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A CRYING SHAME

America’s reliance on standardized tests is creating a generation of intellectual infants

AP Photo/David Zalubowski
Anti-testing brigade.
  • Marcie Bianco
By Marcie Bianco

Managing editor, the Clayman Institute at Stanford University

Published Last updated This article is more than 2 years old.

Can President Obama revolutionize the American education system before he leaves the White House? Probably not. But his “Testing Action Plan,” or TAP for short, is a step in the right direction.

On Oct. 24, the president took to Facebook to announce TAP, a new set of education guidelines that will reduce the amount of class time spent on standardized test preparation. The three-pronged guidelines prescribe reducing the amount of tests to those that are “worth taking,” that “enhance teaching and learning,” and that use evaluation as just one component of education assessment. After all, “learning is about so much more than filling-in the right bubble,” as Obama concluded at the close of the video.

School should be about learning to think critically—not learning how to take a test.

Critics point out that the Obama administration has largely perpetuated the culture of over-testing through federal mandates inaugurated by the Dubya years (something which Arne Duncan, the president’s outgoing secretary of Education, fully concedes to doing) and that the TAP guidelines are “vague.” Then there’s the rather glaring fact that the education system has become so ensnarled in the for-profit testing industry that we can’t imagine what the school day would be like without test preparation and test taking, or how to finance the system without the industry. The Common Core is big business. As David Dayen for Salon notes, the Big Four private companies—Pearson, ETS, Houghton Mifflin Harcourt, and McGraw-Hill— “have spent over $20 million lobbying the government between 2009-2014, insisting on more testing to boost their profits … The testing sector generates $2 billion in annual revenue, so the return on investment is excellent.”

Corporate welfare, in other words, depends on the continuation of the culture of over-testing—the buying of test prep books, the hiring of tutors, and so forth. When education relies on a corporate industry to this extent, large-scale changes may indeed bring some amount of change.

As a college professor who has witnessed the deleterious effect of a test-focused education in her 10 years in the classroom, I can say that Obama’s call for revising standardize testing standards is a welcome and necessary change. Education is, at its heart, designed for a noble purpose: to create thoughtful, independent citizens of the world. School should be about learning to think critically—not learning how to take a test.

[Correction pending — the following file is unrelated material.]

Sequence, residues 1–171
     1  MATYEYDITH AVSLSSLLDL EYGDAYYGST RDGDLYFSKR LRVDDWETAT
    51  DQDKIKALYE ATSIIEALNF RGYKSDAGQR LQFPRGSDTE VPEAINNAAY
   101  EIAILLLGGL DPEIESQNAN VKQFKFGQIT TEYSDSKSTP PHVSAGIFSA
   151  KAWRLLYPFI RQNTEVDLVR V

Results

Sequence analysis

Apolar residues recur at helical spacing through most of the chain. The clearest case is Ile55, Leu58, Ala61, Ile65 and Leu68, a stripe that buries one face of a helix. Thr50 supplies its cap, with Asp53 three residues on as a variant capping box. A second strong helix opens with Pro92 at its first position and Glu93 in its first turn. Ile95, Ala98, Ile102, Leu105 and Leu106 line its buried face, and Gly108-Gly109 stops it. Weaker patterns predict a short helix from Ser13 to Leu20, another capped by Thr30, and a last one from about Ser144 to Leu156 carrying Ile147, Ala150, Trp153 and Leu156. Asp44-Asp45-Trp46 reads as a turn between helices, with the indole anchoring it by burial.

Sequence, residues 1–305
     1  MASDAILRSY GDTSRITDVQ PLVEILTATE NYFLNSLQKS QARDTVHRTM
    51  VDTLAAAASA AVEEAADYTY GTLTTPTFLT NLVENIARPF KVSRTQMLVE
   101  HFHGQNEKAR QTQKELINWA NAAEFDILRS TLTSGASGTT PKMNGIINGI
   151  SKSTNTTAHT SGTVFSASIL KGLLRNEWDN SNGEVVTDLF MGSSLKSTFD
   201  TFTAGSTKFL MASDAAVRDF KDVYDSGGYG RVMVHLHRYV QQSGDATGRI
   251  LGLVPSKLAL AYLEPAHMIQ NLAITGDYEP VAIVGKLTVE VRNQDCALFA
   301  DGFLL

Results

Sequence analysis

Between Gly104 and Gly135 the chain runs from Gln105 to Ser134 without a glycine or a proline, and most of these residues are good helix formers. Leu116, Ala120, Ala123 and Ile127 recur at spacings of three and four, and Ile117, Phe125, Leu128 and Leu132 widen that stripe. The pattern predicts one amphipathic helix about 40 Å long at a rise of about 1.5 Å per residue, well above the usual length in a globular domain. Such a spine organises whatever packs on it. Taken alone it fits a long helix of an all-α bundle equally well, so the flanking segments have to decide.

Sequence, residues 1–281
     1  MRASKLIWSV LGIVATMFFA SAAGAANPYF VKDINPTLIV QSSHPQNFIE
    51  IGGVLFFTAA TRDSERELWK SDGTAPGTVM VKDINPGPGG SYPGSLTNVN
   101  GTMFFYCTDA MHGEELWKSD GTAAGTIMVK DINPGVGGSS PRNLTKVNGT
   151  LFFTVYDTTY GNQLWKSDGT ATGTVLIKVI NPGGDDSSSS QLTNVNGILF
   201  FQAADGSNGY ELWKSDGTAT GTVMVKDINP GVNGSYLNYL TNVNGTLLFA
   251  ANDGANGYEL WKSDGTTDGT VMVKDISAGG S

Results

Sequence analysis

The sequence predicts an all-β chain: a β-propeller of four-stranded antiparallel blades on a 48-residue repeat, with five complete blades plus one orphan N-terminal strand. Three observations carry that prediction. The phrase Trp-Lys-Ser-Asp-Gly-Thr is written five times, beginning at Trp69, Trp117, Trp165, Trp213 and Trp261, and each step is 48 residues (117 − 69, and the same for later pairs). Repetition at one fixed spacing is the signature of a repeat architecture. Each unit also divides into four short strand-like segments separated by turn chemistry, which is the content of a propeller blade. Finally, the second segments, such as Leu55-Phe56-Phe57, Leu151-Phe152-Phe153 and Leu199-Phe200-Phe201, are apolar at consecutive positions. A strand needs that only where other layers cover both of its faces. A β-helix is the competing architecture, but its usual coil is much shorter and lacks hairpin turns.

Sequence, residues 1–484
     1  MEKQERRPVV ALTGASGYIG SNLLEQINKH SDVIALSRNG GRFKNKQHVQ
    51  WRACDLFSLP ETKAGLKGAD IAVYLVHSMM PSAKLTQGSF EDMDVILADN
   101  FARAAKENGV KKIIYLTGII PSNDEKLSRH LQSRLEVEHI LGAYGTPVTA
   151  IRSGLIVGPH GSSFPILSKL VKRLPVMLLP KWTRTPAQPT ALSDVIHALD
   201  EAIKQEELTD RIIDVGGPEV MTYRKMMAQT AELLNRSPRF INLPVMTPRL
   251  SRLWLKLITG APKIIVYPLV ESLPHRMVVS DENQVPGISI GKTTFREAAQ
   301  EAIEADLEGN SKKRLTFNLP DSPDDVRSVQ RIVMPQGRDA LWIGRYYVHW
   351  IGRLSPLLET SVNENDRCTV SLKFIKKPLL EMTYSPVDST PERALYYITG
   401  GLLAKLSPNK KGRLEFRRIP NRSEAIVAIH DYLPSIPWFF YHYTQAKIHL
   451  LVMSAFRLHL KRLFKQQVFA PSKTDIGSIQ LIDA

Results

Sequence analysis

Over the past 10 years, students have acquired an increasingly myopic view of their studies, specifically in college. For these young men and women, their secondary school existence seems to have fashioned them into GDP quotients. Their public schools and their teachers’ careers are reliant on standardized testing performance. In this environment, educational experience is a commodity exchange.

Instead of wanting to create civic-minded individuals, we’ve reconceived the purpose of education in terms of being productive laborers.

Simply put, too much of the American education system has been bastardized by capitalism. Over the past 15 years, the pervasive justification for education—at least for funding it at a federal level—has been construed in economic terms. College, we’re told, is supposed to prepare us for work. Instead of wanting to create civic-minded, thoughtful and autonomous individuals, we’ve reconceived the purpose of education in terms of being productive laborers and making the most money.

In the classroom, where students understand education as this kind of commodity exchange, there is a belief that paying for a course should guarantee an A grade. In my experience, approximately 95% of my students are concerned about their grade average because they’re worried about landing a good job. It is rare to come across a student who takes a literature course or a writing course (I teach both) because they want to learn how to think critically or to communicate their thoughts in clear, cogent prose.

In both my literature and composition courses, students beg for the “right answer,” and want to know if, when writing their papers, they are on the “right track.” They have the most difficulty thinking of thesis statements, because this demands that they rely on their own thoughts rather than the answer provided to them in a book. They want to give the “right” answer from another source. They are scared and reluctant to use the first-person pronoun when writing essays, which to me intimates that they do not trust their own thoughts.

From my perspective, secondary schools are increasingly infantilizing student minds by teaching them how to take tests, with the focus being on how to game the exams. Schools don’t offer opportunities for innovation, ingenuity or creativity.

Don’t listen to the skeptics. Obama’s video statement and TAP guidelines are more than just symbolic. To paraphrase Ta-Nehisi Coates (and Audre Lorde 30 years before him), the American Dream doesn’t seem to be made for a lot of people. But our education system owes every single child the opportunity to become well-reasoned, cultivated citizens. Education humanizes people. It allows them to encounter differences of thought—in the classroom and in texts—that prepares every person for life.

📬 A periodic dispatch from the annual session of the United Nations General Assembly in NYC.

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